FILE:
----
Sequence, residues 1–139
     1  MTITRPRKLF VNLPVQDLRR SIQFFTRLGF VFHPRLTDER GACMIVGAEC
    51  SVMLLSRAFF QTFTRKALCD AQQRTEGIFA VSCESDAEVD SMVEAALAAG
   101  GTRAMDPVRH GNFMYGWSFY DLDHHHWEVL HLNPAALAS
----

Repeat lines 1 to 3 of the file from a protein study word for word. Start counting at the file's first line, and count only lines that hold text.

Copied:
Sequence, residues 1–139
     1  MTITRPRKLF VNLPVQDLRR SIQFFTRLGF VFHPRLTDER GACMIVGAEC
    51  SVMLLSRAFF QTFTRKALCD AQQRTEGIFA VSCESDAEVD SMVEAALAAG